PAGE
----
Original insights into market moving news

Week ahead: highlights include Chinese & US CPI, US Retail Sales, UK GDP

MON: Japanese Old Age Day, EZ Sentix (Jan), Unemployment (Nov), US Employment Trends (Dec), Wholesale Inventory/Sales (Nov), Chinese M2 /New Yuan Loans (Dec)

TUE: EIA STEO; Australian Retail Sales (Nov), Japanese Coincident Index/Leading Indicator (Nov), UK GDP Estimate (Nov), US NFIB (Dec), Redbook (w/e Jan 3rd)

WED: Chinese CPI (Dec), EZ Industrial Production (Nov), US CPI (Dec)

THU: US Initial/Continued Jobless Claims (w/e Jan 3rd/Dec 27th), US PPI Final Demand (Dec)

FRI: BoK Policy Announcement; UK Labour Productivity (Q3), EZ Eurostat Trade (Nov), US Retail Sales (Dec), Export/Import Prices (Dec), Industrial Production/Capacity Utilisation (Dec), University of Michigan Prelim. (Jan)

NOTE: Previews are listed in day-order

UK GDP ESTIMATE (TUE): Expectations are for the November M/M GDP print to show an expansion of 0.4% vs. the 0.1% outturn seen in October as activity picked up before the emergence of the Omicron variant. Ahead of the release, RBC reminds us that the disappointing print in October prompted the MPC to downgrade its Q4 growth forecast to 0.6% Q/Q from 1% around the time of the November MPR. Regardless, policymakers opted to move on rates at the December meeting given concerns over rising inflation with Y/Y CPI printing at 5.1% during November. Furthermore, within the minutes it was noted that "Bank staff expect inflation to remain around 5% through the majority of the winter period, and to peak at around 6% in April 2022". Given the inflationary outlook, markets assign a 72% chance of a 25bps hike at the February 3rd meeting, with a further three hikes priced in by year-end. As such, the upcoming release will likely take a backseat. Furthermore, more interest on the growth front will actually fall on the December release given the emergence of the Omicron variant and the subsequent implementation of Plan B COVID restrictions. Analysts at Pantheon Macro look for a 0.6% M/M contraction for December followed by an additional fall of 0.3% in January.

CHINESE INFLATION (WED): Chinese CPI and PPI Y/Y are both expected to have cooled from the prior month. Taking the recent Caixin PMI releases as proxies, the Manufacturing release suggested “Panel members indicated that lower prices for some raw materials, such as steel, helped to dampen cost inflation. Prices charged meanwhile fell for the first time since April 2020, albeit marginally. The Services release noted that “prices charged by service providers both dropped from the previous month, indicating lower inflationary pressure.” ING sees the PPI metric slowing to 10% from November 12.9% amid lower LNG and coal prices, whilst “CPI inflation on a yearly basis should also be slower due to the base effect of pork prices.” It’s worth bearing in mind that December saw a steady rise in crude oil prices – a large contributor to PPI.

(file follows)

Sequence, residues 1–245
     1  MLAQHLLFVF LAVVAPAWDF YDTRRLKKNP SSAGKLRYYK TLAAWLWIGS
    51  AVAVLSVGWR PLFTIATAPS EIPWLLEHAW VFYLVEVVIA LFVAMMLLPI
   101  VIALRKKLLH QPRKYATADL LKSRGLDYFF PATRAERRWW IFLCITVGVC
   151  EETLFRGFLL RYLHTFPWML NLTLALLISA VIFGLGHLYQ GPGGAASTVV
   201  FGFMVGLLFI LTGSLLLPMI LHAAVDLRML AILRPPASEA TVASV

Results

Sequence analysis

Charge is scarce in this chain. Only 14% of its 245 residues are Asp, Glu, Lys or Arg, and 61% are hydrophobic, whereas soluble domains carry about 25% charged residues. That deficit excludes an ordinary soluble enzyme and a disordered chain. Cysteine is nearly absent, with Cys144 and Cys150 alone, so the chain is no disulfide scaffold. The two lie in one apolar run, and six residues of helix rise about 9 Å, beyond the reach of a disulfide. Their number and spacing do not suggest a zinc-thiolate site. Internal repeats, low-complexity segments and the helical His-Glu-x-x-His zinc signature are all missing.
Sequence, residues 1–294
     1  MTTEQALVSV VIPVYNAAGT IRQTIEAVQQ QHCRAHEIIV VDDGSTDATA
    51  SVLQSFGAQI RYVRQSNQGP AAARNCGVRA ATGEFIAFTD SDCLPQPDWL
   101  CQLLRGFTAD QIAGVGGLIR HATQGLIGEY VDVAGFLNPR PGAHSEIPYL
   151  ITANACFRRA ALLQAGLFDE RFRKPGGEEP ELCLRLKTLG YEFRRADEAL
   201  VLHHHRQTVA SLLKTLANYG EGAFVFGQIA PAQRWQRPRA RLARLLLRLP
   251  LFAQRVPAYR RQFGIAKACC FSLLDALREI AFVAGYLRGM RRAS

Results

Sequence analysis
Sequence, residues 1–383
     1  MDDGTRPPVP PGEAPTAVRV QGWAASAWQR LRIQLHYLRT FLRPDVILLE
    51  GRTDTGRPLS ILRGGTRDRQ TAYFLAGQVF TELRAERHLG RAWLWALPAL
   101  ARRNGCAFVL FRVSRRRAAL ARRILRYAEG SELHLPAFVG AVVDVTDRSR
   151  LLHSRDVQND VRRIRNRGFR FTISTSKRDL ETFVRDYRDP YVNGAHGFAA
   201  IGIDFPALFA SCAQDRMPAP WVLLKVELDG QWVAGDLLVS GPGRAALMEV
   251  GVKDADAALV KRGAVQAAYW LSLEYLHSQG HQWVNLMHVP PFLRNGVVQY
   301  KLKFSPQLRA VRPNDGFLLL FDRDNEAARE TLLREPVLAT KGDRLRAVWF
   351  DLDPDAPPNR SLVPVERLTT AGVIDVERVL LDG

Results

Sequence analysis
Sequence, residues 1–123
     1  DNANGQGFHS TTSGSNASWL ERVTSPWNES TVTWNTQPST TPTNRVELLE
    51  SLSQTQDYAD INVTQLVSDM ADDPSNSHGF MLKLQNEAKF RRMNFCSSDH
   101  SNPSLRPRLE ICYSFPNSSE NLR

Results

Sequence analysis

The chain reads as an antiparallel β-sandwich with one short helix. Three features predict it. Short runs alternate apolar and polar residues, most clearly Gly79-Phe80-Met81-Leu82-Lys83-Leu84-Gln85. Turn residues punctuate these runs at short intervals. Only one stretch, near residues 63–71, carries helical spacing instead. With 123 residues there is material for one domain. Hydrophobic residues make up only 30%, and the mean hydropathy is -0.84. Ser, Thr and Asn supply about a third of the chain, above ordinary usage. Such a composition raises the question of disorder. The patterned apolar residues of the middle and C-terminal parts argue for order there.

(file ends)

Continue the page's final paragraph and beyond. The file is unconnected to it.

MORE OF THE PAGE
US CPI (WED): Headline CPI is expected to rise 0.4% in December, slowing from the prior 0.8% pace, with forecasts ranging between 0.2 and 0.9%. The Y/Y previously rose 6.8%, but Credit Suisse expects this to rise to 7.1%. Core CPI is expected to rise 0.5% M/M, matching November’s pace with the range of forecasts between 0.4 and 0.6%, with the Y/Y previously rising by 4.9% and Credit Suisse expect this to rise to 5.5% in December. It is worth noting the Prices-Paid component on the December PMI surveys were mixed. In the manufacturing survey, prices remained in expansionary territory, but the acceleration saw a significant slowdown, falling to 68.2 from 82.4, meanwhile the services survey saw a minor rise to 82.5 from 82.3. On Core CPI, Credit Suisse suggests used vehicle prices are likely to jump higher while shelter inflation will remain strong following recent months of acceleration, and on the headline metrics, it expects gasoline prices to act as a drag, although food inflation will remain strong. In regard to Omicron, the desk expects it to temporarily drive inflation higher, but it is likely to slow down inflation in the sectors most sensitive to the pandemic, especially travel, but the warns there are now more risks related to negative shocks to supply chains, which could exacerbate the current, ongoing pressures.

US RETAIL SALES (FRI): Both the headline and core Retail Sales are seen rising by 0.3% again in December, matching November’s pace. Ex Gas and Autos previously rose 0.2%, while the Retail Control metric, which is used as a gauge of consumer spending and thus a gauge on US GDP, saw a 0.1% decline in November. Analysts at RBC suggest headline retail sales are likely to fall, largely due to gasoline and autos, with excluding those items, it should paint a better picture, while they also expect the Retail Control measure to rise 0.2%. The desk notes retail sales in general remain at significantly elevated levels due to an overshot of goods spending in comparison to a pre-pandemic baseline. Looking ahead, RBC expects “this goods-dominated report will come under pressure as ’22 evolves as the consumer begins to shift spending away from goods toward services”.

BOK PREVIEW (FRI): Expectations are split on whether the BoK will hike at the upcoming meeting on Friday, although the mood has been leaning more towards a 25bps increase to 1.25% following two hikes in 2021. Governor Lee continued to indicate that the hiking cycle has not peaked, with rates poised to increase again this quarter, although Omicron poses a risk. That being said, global markets have been downplaying the impact of the variant on financial conditions. The prior BOK meeting did not provide any explicit hat tips for a hike this time. Analysts at ING believe the hike will come at the end of this quarter as opposed to the start – coinciding with BoK Governor Lee’s final meeting before he steps down.